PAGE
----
After Friday night, Arlington certainly won’t be flying under the radar any more. And as for the Wesco 3A North race, the Eagles created what’s likely to be a three-way tie for first place atop the league standings — assuming that Marysville Pilchuck (6-1, 4-1) beats Oak Harbor and Ferndale (6-1, 4-1) beats Marysville Getchell in their league finales this week. In that likely event of a three-way tie, Wesco 3A North’s postseason seeding will be determined by the league’s preseason numerical draw. According to the Wesco handbook, Ferndale would be the No. 1 seed, followed by Arlington as the No. 2 seed and Marysville Pilchuck as the No. 3 seed.
— Cameron Van Til
Marysville Pilchuck was simply outplayed in stunning loss to Arlington
Marysville Pilchuck came into Friday night looking like one of the favorites for the 3A state title, having obliterated each of its first six opponents in running-clock fashion. But in their stunning 28-14 loss to Arlington, the 3A third-ranked Tomahawks didn’t even look like the best team in their league. On both sides of the ball, Arlington simply outplayed Marysville Pilchuck and controlled the game.
After gashing previous opponents for a whopping 11.8 yards per carry over their first six contests, the Tomahawks couldn’t get their high-powered Slot-T rushing attack going against the Eagles’ defense. Marysville Pilchuck’s big offensive line wasn’t able to create the type of push it had in previous games. And the bevy of fakes in the Tomahawks’ deceptive offense didn’t work on Arlington’s defenders, who stayed disciplined and poised throughout the night. As a result, there simply wasn’t much running room for Marysville Pilchuck’s talented backfield. The Tomahawks mustered just 4.2 yards per carry and broke just two rushes of 10-plus yards and none longer than 19 yards. Star running back Dylan Carson, who had to scratch and claw for seemingly almost all of his 146 yards, finished the game with just 4.6 yards per carry — significantly fewer than the 14.1 yards per attempt he entered the night with.
And on the other side of the ball, Marysville Pilchuck’s defense looked vulnerable against Arlington’s pass-heavy attack. The Tomahawks hadn’t allowed a first-half point all season, but surrendered 28 first-half points to the Eagles. And it very well could’ve been 35 first-half points, if not for a fluky red-zone interception that bounced off a helmet and into the hands of a Marysville Pilchuck defender on Arlington’s second possession. The Eagles moved the ball with ease in the first half and hit big gains both through the air and on the ground, finishing the night with a healthy 8.4 yards per play. The Tomahawks did well to shut out Arlington in the second half. But by that point, the damage was done.
And now, Marysville Pilchuck will likely go from being the No. 3-ranked team in its state classification to the No. 3 seed in its own league. The Tomahawks likely will finish in a three-way tie with Arlington and Ferndale atop the Wesco 3A North, which means the postseason seeding order would be determined by the league’s preseason numerical draw. And according to the Wesco handbook, the draw would place Marysville Pilchuck as the league’s No. 3 seed. However, the No. 3 seed would only apply to the Tomahawks’ Week 9 crossover game, which would pit them against the Wesco 3A South’s No. 5 seed. This year, the state’s seeding committee will seed teams for the winner-to-state Week 10 playoff round.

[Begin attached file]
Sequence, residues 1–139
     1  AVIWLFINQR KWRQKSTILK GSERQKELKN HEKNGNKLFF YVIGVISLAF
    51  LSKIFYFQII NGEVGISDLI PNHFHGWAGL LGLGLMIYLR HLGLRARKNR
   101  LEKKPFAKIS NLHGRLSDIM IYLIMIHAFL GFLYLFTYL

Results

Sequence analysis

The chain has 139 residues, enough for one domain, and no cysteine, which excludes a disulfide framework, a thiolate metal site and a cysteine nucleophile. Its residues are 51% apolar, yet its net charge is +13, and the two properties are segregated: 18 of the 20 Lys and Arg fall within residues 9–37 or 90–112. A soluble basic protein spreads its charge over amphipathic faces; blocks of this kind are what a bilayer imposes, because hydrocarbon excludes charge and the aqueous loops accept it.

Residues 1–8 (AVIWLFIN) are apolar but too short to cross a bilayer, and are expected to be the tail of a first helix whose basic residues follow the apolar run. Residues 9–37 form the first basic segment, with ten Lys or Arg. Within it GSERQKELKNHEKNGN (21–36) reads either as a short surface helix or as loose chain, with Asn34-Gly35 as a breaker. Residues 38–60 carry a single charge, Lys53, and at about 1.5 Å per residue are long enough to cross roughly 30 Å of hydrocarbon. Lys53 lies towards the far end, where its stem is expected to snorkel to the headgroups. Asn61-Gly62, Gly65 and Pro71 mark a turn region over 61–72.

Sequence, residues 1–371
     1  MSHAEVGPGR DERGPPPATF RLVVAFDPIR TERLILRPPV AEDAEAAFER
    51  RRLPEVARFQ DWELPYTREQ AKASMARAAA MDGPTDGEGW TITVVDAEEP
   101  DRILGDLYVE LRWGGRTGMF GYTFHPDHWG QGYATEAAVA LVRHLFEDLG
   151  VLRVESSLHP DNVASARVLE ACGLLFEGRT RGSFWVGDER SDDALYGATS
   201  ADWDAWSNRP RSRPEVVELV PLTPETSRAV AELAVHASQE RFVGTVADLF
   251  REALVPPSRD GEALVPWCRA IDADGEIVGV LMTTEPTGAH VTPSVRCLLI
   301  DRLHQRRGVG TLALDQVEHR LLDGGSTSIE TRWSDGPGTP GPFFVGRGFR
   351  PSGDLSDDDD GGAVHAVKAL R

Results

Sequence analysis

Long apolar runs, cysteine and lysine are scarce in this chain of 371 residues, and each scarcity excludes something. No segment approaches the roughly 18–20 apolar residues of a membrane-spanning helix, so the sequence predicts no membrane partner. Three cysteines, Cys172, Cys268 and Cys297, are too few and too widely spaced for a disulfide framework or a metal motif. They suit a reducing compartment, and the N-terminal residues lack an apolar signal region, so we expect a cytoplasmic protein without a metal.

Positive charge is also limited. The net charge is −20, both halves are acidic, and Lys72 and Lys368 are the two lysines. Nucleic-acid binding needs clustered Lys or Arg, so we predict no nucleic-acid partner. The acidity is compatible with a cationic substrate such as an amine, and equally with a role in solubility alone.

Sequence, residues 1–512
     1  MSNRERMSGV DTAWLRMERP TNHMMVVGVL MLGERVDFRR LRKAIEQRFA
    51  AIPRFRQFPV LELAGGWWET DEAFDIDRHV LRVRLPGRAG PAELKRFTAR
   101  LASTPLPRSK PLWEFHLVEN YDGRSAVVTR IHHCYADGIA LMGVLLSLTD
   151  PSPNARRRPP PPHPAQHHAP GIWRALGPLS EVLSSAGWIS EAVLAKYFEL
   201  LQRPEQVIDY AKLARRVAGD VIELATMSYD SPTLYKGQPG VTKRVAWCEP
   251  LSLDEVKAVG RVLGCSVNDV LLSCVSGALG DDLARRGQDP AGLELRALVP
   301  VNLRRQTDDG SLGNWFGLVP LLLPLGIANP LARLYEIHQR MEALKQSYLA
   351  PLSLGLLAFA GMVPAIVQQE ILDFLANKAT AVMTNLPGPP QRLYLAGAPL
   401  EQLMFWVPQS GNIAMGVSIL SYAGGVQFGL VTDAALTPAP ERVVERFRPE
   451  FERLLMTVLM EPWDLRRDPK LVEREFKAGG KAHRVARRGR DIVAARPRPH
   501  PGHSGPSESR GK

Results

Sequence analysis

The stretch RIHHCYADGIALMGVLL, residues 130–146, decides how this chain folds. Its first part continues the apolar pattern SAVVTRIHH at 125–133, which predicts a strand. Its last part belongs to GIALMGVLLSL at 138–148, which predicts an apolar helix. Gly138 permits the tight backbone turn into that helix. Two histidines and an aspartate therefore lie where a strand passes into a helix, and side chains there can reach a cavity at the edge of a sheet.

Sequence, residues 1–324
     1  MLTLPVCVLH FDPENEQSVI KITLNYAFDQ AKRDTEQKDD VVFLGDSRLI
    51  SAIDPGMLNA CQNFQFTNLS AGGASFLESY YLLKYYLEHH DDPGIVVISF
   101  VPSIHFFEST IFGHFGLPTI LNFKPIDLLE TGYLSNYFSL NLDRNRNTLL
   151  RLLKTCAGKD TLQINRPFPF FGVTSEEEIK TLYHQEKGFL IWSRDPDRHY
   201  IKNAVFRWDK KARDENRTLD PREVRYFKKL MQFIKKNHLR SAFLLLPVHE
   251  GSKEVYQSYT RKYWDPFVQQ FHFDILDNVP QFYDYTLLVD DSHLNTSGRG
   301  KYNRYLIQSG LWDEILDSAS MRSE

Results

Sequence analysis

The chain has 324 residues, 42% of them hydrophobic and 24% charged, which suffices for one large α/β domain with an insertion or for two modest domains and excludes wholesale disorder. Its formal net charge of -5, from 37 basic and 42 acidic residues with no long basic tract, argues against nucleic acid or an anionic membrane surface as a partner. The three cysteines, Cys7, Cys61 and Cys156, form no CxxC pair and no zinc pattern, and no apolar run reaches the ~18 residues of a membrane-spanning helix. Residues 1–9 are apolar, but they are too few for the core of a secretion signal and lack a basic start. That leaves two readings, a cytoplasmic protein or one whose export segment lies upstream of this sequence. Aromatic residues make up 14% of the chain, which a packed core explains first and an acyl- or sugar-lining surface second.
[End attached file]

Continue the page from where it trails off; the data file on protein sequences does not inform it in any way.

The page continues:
— Cameron Van Til
League title and playoff hopes on the line all around Snohomish County in Week 8
This week’s slate of prep football games will feature some of the most meaningful contests this season as conference championships and Week 10 playoff berths will be on the line for teams in a handful of games. There’s a possibility that both Wesco 3A North and Wesco 3A South could finish with three-way ties for first place. A game this Tuesday will go a long way in deciding who gets one of Wesco 4A’s three Week 10 berths. Squads tied for first place in the Emerald Sound Conference square off. And the chaotic race in Northwest 2A features a trio of important clashes. Here’s a look at some of the implications of this week’s games:
Wesco 4A: Kamiak faces Mukilteo School District rival Mariner on Tuesday after their game was postponed last week. It’s simply a must-win game for each team. The Knights (5-0, 1-0 league) would close in on their first Week 10 playoff berth since 2014 by positioning themselves for a top-three finish in the league with a victory. They’d need another win or a Jackson loss to clinch. But if the Marauders (3-3, 0-2) win, they move into a tie in the win column with Kamiak and get the head-to-head advantage in a tiebreaker scenario. The Knights face the tough task of playing Lake Stevens three days later in their league finale and will be heavy underdogs. Mariner finishes it’s conference slate with a favorable matchup against Jackson next Friday. And Glacier Peak (5-1, 1-0) can secure a top-three finish with a win over Jackson (2-5, 0-2). There are some scenarios that involve Lake Stevens losing, but 48 straight wins in Wesco 4A indicates that likely isn’t happening anytime soon.